This difference is important, since it allows a view targeted more specifically on inflation. While raised US inflation expectations have driven bond yields higher, they are still lower than the historical average, held down by continued disappointments since the oil price crash in 2014.
Strong economic expansion in the US, alongside the fiscal stimuli being enacted by president Donald Trump, should push US inflation higher. We continue to hold custom-built certificates that give us exposure to upside surprises in US inflation. 2018 is a reminder that inflation-linked bonds may not actually provide protection against the risk many investors’ portfolios are targeted to limit, namely rising inflation expectations. In other words, multi-asset managers need to look outside the box.
That’s not to say we are completely turning our backs on bonds. We maintain an overweight position to emerging market bonds across all risk profiles. Yields continue to be attractive compared with their developed market counterparts. It’s also worth remembering that government bonds still offer protection against both a slowdown in growth and geopolitical risk, and while the move from quantitative easing to quantitative tightening might point to higher bond yields, they could fall back in the short term. Given where yields are right now, multi-asset managers face a difficult balancing act.
Reasons to be cheerful
However, there’s plenty to feel cheerful about. We remain underweight in UK large-cap equities, but we are closer to neutral than we have been in the past four years, on the grounds that international investors, cautious regarding the implications of Brexit, may have taken pessimism a step too far.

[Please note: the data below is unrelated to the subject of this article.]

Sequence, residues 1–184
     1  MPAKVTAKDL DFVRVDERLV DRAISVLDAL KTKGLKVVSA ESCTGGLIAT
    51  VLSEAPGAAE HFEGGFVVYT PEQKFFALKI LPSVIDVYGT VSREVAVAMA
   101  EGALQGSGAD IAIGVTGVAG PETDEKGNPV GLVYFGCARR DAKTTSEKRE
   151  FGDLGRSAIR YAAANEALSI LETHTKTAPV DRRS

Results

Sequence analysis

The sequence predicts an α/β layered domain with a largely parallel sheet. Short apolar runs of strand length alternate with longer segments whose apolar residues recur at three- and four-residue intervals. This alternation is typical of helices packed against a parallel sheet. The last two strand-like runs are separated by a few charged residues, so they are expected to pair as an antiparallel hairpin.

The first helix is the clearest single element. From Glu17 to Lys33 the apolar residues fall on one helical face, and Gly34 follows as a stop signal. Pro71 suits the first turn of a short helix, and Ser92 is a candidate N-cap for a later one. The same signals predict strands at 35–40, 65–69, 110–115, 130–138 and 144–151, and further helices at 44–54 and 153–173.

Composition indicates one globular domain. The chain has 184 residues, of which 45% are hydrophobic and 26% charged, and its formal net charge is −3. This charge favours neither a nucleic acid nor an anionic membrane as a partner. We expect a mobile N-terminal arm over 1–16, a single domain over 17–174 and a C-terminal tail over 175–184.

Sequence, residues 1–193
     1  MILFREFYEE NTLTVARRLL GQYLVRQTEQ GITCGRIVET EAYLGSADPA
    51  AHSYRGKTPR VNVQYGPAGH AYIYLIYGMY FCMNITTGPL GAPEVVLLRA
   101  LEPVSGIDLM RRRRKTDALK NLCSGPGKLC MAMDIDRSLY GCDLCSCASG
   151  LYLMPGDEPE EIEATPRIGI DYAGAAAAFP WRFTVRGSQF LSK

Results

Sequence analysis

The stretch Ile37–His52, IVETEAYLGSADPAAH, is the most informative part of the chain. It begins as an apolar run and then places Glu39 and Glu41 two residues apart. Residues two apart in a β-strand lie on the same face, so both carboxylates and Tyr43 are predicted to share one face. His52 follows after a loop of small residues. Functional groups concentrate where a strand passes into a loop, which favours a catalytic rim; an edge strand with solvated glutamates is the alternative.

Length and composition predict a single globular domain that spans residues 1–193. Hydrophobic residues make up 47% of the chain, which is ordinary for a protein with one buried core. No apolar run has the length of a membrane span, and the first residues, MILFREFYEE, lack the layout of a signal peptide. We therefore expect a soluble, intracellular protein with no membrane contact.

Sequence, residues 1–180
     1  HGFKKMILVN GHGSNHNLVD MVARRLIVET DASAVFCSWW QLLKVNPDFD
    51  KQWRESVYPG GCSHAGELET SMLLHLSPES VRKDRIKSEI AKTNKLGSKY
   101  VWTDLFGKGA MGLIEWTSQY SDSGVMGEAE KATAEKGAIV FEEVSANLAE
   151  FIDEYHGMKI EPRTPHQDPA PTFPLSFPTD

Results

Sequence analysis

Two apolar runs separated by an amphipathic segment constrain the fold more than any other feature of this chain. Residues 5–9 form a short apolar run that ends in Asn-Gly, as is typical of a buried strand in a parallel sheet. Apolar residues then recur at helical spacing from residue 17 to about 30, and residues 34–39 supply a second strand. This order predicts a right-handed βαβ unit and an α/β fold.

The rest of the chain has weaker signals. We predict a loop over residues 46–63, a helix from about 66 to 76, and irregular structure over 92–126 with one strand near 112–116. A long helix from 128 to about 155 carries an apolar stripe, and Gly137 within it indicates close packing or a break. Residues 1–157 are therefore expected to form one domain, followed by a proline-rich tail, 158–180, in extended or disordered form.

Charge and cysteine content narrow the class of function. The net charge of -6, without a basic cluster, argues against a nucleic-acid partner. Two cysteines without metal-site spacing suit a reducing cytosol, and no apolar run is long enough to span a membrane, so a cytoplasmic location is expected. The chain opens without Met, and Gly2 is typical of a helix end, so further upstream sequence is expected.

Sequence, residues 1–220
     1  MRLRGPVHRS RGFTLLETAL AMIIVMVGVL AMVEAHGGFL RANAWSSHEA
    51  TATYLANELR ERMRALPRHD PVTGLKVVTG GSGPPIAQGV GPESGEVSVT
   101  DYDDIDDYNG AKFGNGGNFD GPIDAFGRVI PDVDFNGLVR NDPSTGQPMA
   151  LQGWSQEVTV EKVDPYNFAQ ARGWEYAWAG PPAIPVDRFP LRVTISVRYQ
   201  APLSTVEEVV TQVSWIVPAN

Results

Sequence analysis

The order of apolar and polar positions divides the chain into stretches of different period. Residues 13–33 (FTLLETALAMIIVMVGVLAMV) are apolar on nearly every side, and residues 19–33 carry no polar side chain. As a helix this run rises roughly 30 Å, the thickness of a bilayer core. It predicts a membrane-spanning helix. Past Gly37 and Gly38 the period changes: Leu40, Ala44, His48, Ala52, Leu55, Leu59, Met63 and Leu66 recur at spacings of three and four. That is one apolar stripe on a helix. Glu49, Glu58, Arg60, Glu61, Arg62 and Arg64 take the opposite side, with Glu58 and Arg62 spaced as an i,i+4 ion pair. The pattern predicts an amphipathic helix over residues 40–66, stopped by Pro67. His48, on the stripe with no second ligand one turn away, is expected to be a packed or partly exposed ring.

We remain underweight in the mid-cap space, despite low valuations, as the underlying earnings picture reflects the weak UK economy. We are looking for a turnaround in this area before adding further to our portfolio. We remain bullish in frontier markets, which remain unloved and under-owned globally, for our more adventurous portfolios. This is a position we started to build up a year ago, on valuation grounds but also because we think frontier markets are better able to avoid becoming the subject of Trump rhetoric, not to mention tit-for-tat trade wars. To date, frontier markets have weathered the rhetoric relatively unscathed; in a world where many markets have become correlated, they have been something of an exception over the past year or so.
Back in 1949 the economist and investor Benjamin Graham argued: ‘In the short run, the market is a voting machine, but in the long run, it is a weighing machine.’ Whether or not the return to volatility we saw earlier this year goes on to characterise 2018, this is worth bearing in mind. Ignoring the market noise and concentrating on fundamentals is absolutely key, alongside looking at what is going on behind the big headlines. Sometimes the really significant stories are concealed by overblown headlines.
THE INFORMATION contained in this document is marketing and does not constitute investment advice, and if you are in any doubt about the suitability of the investment or service, you should consult a professional financial adviser. The value of investments and the income from them can fall as well as rise, and you may not get back the full amount invested. Seven Investment Management LLP is authorised and regulated by the Financial Conduct Authority and the Jersey Financial Services Commission. Member of the London Stock Exchange. Registered office: 55 Bishopsgate, London EC2N 3AS. Registered in England and Wales No. OC378740.